A solid rain event for the state
IMPACTS: Rain could be heavy at times during the day and becomes more of a concern Thursday afternoon (south) and evening (west, east, north) into early Friday morning. Localized flash flooding, reduced visibility from downpours, ponding on roadways, risk of hydroplaning on highways, along with areas of fog are all possible.
Swells from Hurricane Larry in conjunction with astronomical high tides with the new moon will cause splash-over in low lying areas and minor flooding. High surf from the swells ranging 5-10 feet may cause some beach erosion along with life threatening rip currents. If you are going to view the waves, please respect the power and unpredictability of the ocean and view from a safe distance.
DISCUSSION: Forecast remains on track for a slow-moving cold front to pass through the region Thursday into early Friday. As mentioned in the update posted here on Wednesday, concern that the forward progression of the frontal boundary would slow down a bit more appears to be occurring. The result of that is higher rainfall amounts, with most of the state guaranteed at least 1" of precipitation.
Rain appears intermittent through most of the day. With the frontal boundary stalling out over the Maine / New Hampshire border, low pressure is expected to form along the front and travel southwest to northeast Thursday afternoon into early Friday. As the low slides along the front come the increased chance for heavy rainfall, along with an isolated chance of a thunderstorm. With the heavy rain comes the threat for localized flash flooding. The National Weather Service is contemplating a flood watch for MidCoast and eastern areas pending on review of new guidance and observations.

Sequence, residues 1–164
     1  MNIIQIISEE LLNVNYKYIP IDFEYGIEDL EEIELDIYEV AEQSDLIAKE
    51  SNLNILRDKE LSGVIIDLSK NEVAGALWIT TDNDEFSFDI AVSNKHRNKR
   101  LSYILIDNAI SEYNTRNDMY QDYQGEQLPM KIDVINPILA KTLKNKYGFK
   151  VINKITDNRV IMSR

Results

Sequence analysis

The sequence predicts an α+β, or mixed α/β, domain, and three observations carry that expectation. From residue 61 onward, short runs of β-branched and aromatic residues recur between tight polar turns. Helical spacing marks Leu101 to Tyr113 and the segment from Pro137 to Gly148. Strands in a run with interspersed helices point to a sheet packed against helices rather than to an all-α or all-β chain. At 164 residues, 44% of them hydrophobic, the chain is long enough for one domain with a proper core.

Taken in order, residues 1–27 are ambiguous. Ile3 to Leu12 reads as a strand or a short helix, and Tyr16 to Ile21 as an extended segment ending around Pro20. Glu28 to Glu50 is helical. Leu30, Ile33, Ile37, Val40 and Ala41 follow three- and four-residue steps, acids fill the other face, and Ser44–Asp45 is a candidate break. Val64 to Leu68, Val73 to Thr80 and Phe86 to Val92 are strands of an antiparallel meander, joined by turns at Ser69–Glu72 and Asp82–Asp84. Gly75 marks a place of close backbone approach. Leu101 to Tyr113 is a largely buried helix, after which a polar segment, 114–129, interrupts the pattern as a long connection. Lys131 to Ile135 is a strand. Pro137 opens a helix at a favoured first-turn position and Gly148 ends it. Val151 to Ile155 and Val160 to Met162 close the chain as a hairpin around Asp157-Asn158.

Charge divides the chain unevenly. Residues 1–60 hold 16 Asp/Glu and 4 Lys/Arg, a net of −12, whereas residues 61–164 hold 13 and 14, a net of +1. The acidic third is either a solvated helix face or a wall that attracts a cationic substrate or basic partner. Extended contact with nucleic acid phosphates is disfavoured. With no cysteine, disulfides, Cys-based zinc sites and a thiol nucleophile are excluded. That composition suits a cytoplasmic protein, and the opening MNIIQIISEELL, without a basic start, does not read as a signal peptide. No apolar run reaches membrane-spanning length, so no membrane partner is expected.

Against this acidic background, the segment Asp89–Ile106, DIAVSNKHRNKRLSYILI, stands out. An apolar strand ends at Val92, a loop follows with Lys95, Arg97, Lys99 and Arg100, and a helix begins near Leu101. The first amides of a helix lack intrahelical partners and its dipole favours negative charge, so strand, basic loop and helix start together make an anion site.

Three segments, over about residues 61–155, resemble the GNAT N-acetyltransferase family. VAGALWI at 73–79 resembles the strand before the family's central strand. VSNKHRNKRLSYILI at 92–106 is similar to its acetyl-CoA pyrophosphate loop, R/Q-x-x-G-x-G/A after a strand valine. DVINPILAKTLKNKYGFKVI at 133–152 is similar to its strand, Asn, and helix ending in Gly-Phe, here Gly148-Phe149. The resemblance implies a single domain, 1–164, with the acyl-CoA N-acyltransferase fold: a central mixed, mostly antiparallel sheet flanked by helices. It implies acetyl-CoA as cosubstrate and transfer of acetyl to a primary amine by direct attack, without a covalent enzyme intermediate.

With the region in the warm sector, dew point temperatures in the 60s along with precipitable water values pushing 1½-2" will make the air feel tropical.
High temperatures for the day range from the upper 60s for the mountains and north to low 70s for the coastal plain.
Wind out of the south ranges from 5-15 mph with gusts in the 20s for MidCoast and eastern areas through this evening.
The front pushes through the region by Friday morning, with the last of steady precipitation ending over southwestern areas by 5-6 AM, western and eastern areas by 11 AM - noon, and northern areas by 1-2 PM. Isolated showers may pop up as high pressure moves in behind the front through the remainder of the daylight hours.
Low temperatures to start Friday range from the mid-50s north and mountains to 60° for the coastal plain.
High temperatures for Friday range from the mid-60s north and mountains to mid-70s for the coastal plain.
With high pressure moving in on Friday, wind from the west/northwest at 5-15 mph with gusts 20-30 mph bring drier air into the region. The breeze continues into Saturday in the wake of Hurricane Larry's departure.
Lows to start Saturday range from the mid-40s north and mountains to mid-50s for the coastal plain.
As far as the weekend goes, Saturday appears dry and breezy with mainly sunny conditions. Highs range from the mid-60s north to mid-70s south. Sunday sees a chance for a morning shower in the mountains and north as a weak frontal boundary passes through. Highs in the low 70s north to low 80s south.
Whether you’re on the road or camping, will you be ready for sudden flash flooding? Make sure to enable Wireless Emergency Alerts on your phone. If flooding occurs while you’re outdoors, immediately get to higher ground, and NEVER enter flood waters in a vehicle or on foot. weather.gov/safety/flood
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